U.S. lawmakers back $1.9 billion program to rip and replace Huawei & ZTE telecom gear

According to two sources briefed on the matter at hand, U.S. lawmakers will back $1.9 billion program to fund a removal of Chinese communication gear that it deems as a threat to national security risks.

Lawmakers will also back a $3.2 billion program for an emergency broadband which will benefit low-income Americans, confirmed senior congressional aides.

In a statement, House Speaker Nancy Pelosi and Senate Democratic Leader Chuck Schumer these program, part of a COVID-19 relief bill will see an investment $7 billion to increase the broadband access which will “help millions of students, families and unemployed workers afford the broadband they need during the pandemic.”

Earlier this year in June, Federal Communications Commission had designated Huawei Technologies Co and ZTE Corp as national security threats, thus barring them from tapping an $8.3 billion government fund to purchase equipment from the companies.

Earlier this month, the FCC finalized rules that require carriers to “rip and replace” ZTE or Huawei equipment; the move is awaiting funding from Congress.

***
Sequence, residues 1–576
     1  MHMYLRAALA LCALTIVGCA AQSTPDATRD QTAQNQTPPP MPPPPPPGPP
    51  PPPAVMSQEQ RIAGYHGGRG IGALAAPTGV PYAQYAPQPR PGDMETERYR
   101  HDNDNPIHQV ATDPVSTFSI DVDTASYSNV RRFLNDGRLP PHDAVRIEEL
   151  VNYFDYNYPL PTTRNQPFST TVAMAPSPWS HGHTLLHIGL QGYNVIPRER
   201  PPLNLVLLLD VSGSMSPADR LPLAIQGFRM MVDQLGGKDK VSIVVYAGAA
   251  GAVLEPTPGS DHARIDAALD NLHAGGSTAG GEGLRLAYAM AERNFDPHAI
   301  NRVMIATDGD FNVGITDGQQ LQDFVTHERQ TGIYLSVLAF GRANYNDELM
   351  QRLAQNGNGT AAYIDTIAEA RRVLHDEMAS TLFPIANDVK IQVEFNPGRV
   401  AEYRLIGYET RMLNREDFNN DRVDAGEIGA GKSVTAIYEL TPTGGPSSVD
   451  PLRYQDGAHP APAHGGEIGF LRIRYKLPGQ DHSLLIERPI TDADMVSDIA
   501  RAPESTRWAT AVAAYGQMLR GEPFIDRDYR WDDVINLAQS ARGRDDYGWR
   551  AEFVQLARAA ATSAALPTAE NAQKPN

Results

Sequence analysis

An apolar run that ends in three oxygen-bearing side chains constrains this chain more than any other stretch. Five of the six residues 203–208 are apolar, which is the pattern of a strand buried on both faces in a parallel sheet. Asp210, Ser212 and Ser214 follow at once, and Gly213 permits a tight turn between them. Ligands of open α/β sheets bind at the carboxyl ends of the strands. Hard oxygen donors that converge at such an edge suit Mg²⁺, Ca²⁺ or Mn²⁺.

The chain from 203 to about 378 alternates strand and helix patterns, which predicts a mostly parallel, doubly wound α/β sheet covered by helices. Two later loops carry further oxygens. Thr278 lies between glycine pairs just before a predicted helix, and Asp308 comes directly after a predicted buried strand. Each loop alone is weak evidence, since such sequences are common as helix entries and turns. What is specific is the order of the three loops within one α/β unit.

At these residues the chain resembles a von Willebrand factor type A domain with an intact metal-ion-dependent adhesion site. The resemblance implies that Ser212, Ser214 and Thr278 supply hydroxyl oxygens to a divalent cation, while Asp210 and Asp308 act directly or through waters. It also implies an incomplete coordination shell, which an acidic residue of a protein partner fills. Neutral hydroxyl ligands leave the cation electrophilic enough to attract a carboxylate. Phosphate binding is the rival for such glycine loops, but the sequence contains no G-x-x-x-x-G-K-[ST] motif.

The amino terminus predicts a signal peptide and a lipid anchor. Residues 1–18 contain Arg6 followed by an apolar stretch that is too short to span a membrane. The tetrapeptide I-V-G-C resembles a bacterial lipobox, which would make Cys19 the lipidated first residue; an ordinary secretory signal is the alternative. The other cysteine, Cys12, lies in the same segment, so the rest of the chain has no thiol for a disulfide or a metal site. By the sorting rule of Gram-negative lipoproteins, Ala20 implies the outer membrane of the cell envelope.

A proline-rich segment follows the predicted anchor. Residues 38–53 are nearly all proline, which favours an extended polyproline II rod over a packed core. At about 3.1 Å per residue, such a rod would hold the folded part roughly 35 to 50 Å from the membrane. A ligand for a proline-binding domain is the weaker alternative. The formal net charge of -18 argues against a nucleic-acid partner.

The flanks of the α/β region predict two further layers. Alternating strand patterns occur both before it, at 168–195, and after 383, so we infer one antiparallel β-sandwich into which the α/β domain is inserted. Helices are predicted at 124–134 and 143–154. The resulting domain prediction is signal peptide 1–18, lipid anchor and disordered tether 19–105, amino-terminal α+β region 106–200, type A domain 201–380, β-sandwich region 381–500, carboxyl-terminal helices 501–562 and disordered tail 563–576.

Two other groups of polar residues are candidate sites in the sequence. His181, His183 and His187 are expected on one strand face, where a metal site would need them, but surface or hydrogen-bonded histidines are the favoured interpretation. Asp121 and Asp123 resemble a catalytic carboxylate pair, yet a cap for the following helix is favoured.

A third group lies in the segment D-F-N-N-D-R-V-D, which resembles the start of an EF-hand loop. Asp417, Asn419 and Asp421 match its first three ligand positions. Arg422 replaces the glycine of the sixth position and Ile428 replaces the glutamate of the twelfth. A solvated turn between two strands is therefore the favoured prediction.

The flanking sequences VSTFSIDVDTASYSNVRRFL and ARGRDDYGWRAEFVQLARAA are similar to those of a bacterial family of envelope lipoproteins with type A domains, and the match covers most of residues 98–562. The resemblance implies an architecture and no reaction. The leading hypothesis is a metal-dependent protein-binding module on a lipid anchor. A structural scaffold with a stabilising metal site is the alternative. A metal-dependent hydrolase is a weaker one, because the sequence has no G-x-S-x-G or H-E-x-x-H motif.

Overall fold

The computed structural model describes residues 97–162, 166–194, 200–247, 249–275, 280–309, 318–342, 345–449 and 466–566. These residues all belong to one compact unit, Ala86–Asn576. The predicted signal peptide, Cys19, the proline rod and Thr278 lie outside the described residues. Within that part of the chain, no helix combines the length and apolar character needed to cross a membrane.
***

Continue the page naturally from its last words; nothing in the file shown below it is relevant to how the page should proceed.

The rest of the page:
The bill “establishes a temporary, emergency broadband benefit program at the FCC to help low-income Americans, including those economically challenged by the COVID-19 pandemic, get connected or remain connected to broadband,” reads a fact sheet.

The program will also provide a $50 monthly subsidy to qualifying households “to help them afford broadband service and an internet-connected device.”

According to a source, the bill expands the eligibility for the rip-and-replace reimbursement program to communications providers with 10 million subscribers or less; it however prioritizes reimbursements for providers with 2 million subscribers or less.

The bill will include $285 million for connecting minority communities and will establish an Office of Minority Broadband Initiatives at the National Telecommunications and Information Administration (NTIA). It will also offer funding to “support minority-serving education institutions, including when they partner with minority-owned businesses, to expand broadband capacity and use at the school and in the surrounding community,” states the fact sheet.

The bill also includes around $250 million for additional FCC support for telehealth and $1 billion for a NTIA tribal broadband connectivity grant program. It also allocates a separate $300 million NTIA grant program to promote broadband expansion to underserved Americans, especially in rural areas, as well as $65 Million for better broadband maps.

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